Knight Books, £3.99, ISBN 0-340-37787-9
Avenger! kicks off the gamebook series called The Way of the Tiger, and this one has one unique selling point. You play a ninja in this one. Yeah, baby, an actual ninja complete with black body suits and split kicks that will make Mark Dacascos proud.
You are an orphan who was placed in the care of the monks devoted to Kwon, the Supreme Master of Unarmed Combat, in the Island of Tranquil Dreams. This island is modeled after feudal Japan, so you grow up learning how to be a kick-ass martial artist under the tutelage and supervision of your foster father, Naijishi. Alas, he died about a year before this campaign begins, slew by a monk named Yaemon. Yaemon is a monk following a rival religion devoted to Vile, Kwon’s hated brother. He stole the Scrolls of Kettsuin after slaying Naijishi, a fact that the monks of Kwon kept a secret… until now.
A ranger from the continent named Glaivas arrives one fine day with dire news: Yaemon has deciphered the content of the Scrolls, content which enables him to know a Word that can condemn gods to a fiery prison of bottomless pit. In three months time, the planets will align in a specific manner called the Grand Conjunction of the Planets and the moon will turn red for three days. Yaemon plans to utter the Word at the Pillars of Change, located far in the icy wastes of the continent, and condemn Kwon to a fiery eternity. He has allies with him, of course – Nemesis, a powerful sorcerer of the big boss God of Evil, Nemesis, as well as Honoric, a powerful swordsman who worships the god Vasch-Ro. Gods play a very important part in this world called Orb – your religion practically defines your personality and alignment. It’s like Forgotten Realms, come to think of it, heh.
At any rate, you volunteer to travel with Glaivas back to the continent of Manmarch, where you will then stake out to stop Yaemon and friends before they succeed in sending a few gods to hell. Because you want to kill Yaemon and avenge Naijishi, you are now called Avenger. This is going to be fun!
The game system is fairly standard, involving rolling of dice. As Avenger, you have 20 Endurance points, which is just enough to win by the skin of your teeth barring any unfortunate incidents like too many unlucky rolls. As a Ninja, you can throw star-shaped missiles called Shurkiens. You can also choose three more out of nine Ninja skills. Poison Needles seem redundant since you already have Shurikens, but don’t forget, you may just kill an opponent outright with a poisoned needle. Some skills are obviously more useful in an “all general purpose” manner while other skills may seem to be useful only in specific situations. However, having the right Ninja skill may make the difference between life and death in many situations, so good luck in picking your Ninja skills, heh.
In addition, as a Ninja you also have access to some really cool martial arts attacks, depicted using nice illustrations and accompanied by “Don’t try this at home!” messages, and even cooler starting items. I especially love the fact that you can use a wire garotte to cut through an opponent’s throat in a sneak attack. Ninjas on Orb beat those puny rogues in Dungeons & Dragons, I tell you.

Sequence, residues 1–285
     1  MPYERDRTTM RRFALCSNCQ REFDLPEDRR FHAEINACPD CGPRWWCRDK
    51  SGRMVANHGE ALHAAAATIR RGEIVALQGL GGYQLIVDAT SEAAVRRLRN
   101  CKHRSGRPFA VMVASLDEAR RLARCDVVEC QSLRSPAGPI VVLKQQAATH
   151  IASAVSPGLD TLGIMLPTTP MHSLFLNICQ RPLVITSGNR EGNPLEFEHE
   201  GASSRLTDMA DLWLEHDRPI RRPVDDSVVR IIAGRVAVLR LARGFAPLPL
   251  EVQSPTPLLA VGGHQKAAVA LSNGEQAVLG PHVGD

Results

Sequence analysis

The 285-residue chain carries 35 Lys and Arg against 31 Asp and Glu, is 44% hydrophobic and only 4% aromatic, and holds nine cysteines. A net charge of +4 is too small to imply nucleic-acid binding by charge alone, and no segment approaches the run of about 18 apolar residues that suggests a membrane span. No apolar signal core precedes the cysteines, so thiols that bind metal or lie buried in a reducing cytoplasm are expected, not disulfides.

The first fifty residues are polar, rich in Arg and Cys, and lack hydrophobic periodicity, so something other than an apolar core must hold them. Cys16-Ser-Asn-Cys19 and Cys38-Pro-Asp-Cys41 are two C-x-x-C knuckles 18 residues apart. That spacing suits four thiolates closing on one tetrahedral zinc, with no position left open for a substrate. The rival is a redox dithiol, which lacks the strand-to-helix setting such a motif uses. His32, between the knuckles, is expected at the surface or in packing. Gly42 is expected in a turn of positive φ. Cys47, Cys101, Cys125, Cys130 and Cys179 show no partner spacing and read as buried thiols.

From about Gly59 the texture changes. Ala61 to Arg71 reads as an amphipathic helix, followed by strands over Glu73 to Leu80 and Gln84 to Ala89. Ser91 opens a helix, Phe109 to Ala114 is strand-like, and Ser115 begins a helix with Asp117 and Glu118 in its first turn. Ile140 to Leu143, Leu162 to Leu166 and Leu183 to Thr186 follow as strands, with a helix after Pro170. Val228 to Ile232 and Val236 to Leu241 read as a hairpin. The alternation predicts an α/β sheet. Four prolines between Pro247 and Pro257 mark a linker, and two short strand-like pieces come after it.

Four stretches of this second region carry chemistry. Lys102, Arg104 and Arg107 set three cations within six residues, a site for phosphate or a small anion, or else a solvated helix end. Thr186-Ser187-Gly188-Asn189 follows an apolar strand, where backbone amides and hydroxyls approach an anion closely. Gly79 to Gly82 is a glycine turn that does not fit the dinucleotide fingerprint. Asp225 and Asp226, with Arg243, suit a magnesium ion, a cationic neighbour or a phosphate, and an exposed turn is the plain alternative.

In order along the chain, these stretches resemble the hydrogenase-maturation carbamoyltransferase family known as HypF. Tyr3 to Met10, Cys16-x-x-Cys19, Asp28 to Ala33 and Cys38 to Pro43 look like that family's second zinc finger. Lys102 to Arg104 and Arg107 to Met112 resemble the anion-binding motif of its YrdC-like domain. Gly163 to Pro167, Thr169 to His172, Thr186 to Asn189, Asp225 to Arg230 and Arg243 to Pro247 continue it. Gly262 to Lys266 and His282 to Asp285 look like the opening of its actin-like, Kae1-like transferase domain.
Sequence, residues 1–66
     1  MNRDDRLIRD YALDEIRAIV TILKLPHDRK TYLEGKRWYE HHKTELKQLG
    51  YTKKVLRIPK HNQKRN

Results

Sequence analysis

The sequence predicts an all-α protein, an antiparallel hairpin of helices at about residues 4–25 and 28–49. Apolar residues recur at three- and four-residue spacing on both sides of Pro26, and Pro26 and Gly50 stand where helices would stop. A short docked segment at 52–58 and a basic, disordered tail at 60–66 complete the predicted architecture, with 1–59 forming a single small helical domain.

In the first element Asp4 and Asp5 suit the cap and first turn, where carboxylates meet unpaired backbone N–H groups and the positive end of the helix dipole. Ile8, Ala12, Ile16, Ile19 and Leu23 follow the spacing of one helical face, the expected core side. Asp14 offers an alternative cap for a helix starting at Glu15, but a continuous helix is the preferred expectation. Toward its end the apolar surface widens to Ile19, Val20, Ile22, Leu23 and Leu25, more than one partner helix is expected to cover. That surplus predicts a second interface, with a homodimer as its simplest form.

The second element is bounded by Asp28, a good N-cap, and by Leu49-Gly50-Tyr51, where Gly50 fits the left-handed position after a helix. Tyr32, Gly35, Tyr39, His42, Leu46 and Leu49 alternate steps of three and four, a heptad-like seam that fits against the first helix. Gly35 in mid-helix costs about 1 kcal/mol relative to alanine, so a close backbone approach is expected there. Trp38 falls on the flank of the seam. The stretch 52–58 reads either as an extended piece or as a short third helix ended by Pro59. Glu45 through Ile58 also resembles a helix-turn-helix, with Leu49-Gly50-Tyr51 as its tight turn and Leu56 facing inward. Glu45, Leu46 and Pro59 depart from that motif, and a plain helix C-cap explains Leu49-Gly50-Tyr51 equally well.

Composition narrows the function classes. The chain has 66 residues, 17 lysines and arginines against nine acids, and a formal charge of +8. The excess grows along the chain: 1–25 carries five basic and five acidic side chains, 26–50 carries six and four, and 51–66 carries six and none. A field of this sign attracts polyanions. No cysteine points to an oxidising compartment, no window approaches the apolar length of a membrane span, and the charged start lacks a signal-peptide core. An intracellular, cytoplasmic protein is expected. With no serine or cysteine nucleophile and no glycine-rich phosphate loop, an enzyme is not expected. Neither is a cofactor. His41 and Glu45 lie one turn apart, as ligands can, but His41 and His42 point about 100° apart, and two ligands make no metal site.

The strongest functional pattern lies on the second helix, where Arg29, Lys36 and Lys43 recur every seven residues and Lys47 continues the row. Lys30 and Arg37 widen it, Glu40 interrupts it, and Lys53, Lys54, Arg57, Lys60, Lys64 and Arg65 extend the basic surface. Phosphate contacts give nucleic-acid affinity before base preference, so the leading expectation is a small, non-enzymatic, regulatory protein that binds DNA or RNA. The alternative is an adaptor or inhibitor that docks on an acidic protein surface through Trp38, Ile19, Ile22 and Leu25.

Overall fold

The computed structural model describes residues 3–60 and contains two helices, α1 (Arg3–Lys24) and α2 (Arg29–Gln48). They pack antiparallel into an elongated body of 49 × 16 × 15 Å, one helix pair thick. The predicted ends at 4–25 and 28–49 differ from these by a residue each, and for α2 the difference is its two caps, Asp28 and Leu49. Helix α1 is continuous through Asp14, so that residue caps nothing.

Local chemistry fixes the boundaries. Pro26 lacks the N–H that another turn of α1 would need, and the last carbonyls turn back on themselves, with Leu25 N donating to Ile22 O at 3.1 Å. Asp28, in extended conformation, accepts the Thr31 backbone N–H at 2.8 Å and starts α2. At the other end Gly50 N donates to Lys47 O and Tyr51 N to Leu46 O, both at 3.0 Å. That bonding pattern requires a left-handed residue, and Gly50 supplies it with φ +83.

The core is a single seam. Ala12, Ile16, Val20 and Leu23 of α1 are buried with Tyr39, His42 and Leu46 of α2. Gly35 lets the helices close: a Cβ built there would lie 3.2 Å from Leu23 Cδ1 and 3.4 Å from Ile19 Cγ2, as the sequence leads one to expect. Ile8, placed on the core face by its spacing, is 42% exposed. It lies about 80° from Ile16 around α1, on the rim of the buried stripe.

There are plenty of marvelous violence in this story, which may make this one too sordid for young kids. Oh, who am I kidding, young kids will lap this one up like nobody’s business. The world building is fantastic, as the Manmarch bursts to life with all kinds of color and sounds and sights. From the deadly arena of Mortavalon to the gloomy shadows of Quench-heart Keep, this one is chock full of memorable encounters. The final showdown with the three big bosses are especially gripping. The confrontation with Yaemon is epic, right down to that magnificent cliffhanger ending that compels you to pick up the next gamebook in this series.
Difficulty-wise, well, let’s put it this way: there are a few routes to success in this story, but you won’t succeed if you stumble upon a particular route but lacks an item to get you past. A good example of this is your confrontation with Manse the Deathmage. If you have not picked up some not-so-subtle clues laid out in this campaign about his weakness, you will not survive the encounter with him unless you follow a particular story path that will allow you to pick up a special item. Still, the choices in this campaign isn’t random like some Fighting Fantasy campaign – chances are, if you make decisions just like a Ninja would (remember, you are a sneaky assassin, not a lawful good paladin), you are on the right track.
There are some design flaws, such as the occasional non-continuity when the authors forget that they have given you choices and make specific references in a passage about you picking a particular path that you may not have taken in the first place. Still, there is nothing too distracting here that will reduce the violent fun.
Avenger! is an exotic and giddy gamebook that offers not only a refreshing setting but also plenty of challenging fun to rock your socks off. Ninjas are cool, but this one is even cooler. So what are you waiting for? Grab your garotte wire and let’s start ripping up the place!
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